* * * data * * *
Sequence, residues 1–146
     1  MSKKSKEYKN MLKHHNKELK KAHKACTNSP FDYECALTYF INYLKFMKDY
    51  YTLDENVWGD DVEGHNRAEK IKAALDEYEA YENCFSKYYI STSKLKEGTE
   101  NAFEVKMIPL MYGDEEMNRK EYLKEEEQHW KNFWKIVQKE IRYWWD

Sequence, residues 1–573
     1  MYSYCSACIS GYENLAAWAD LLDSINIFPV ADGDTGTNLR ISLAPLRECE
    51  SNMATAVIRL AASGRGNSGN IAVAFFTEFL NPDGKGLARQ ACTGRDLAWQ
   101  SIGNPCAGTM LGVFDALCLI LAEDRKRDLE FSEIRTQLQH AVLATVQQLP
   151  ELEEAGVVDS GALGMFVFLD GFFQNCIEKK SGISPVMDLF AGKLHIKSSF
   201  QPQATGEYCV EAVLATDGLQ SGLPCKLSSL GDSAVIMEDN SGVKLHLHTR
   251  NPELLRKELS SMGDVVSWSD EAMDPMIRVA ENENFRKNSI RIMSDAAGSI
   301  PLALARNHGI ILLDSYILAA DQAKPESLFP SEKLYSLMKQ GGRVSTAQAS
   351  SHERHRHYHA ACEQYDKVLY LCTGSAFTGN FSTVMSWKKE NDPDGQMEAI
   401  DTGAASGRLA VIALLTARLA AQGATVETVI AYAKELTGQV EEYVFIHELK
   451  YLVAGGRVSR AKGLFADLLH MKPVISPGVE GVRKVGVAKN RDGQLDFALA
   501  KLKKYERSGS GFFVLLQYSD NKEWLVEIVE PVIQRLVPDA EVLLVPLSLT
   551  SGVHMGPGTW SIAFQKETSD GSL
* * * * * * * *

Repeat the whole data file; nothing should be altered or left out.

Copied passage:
Sequence, residues 1–146
     1  MSKKSKEYKN MLKHHNKELK KAHKACTNSP FDYECALTYF INYLKFMKDY
    51  YTLDENVWGD DVEGHNRAEK IKAALDEYEA YENCFSKYYI STSKLKEGTE
   101  NAFEVKMIPL MYGDEEMNRK EYLKEEEQHW KNFWKIVQKE IRYWWD

Sequence, residues 1–573
     1  MYSYCSACIS GYENLAAWAD LLDSINIFPV ADGDTGTNLR ISLAPLRECE
    51  SNMATAVIRL AASGRGNSGN IAVAFFTEFL NPDGKGLARQ ACTGRDLAWQ
   101  SIGNPCAGTM LGVFDALCLI LAEDRKRDLE FSEIRTQLQH AVLATVQQLP
   151  ELEEAGVVDS GALGMFVFLD GFFQNCIEKK SGISPVMDLF AGKLHIKSSF
   201  QPQATGEYCV EAVLATDGLQ SGLPCKLSSL GDSAVIMEDN SGVKLHLHTR
   251  NPELLRKELS SMGDVVSWSD EAMDPMIRVA ENENFRKNSI RIMSDAAGSI
   301  PLALARNHGI ILLDSYILAA DQAKPESLFP SEKLYSLMKQ GGRVSTAQAS
   351  SHERHRHYHA ACEQYDKVLY LCTGSAFTGN FSTVMSWKKE NDPDGQMEAI
   401  DTGAASGRLA VIALLTARLA AQGATVETVI AYAKELTGQV EEYVFIHELK
   451  YLVAGGRVSR AKGLFADLLH MKPVISPGVE GVRKVGVAKN RDGQLDFALA
   501  KLKKYERSGS GFFVLLQYSD NKEWLVEIVE PVIQRLVPDA EVLLVPLSLT
   551  SGVHMGPGTW SIAFQKETSD GSL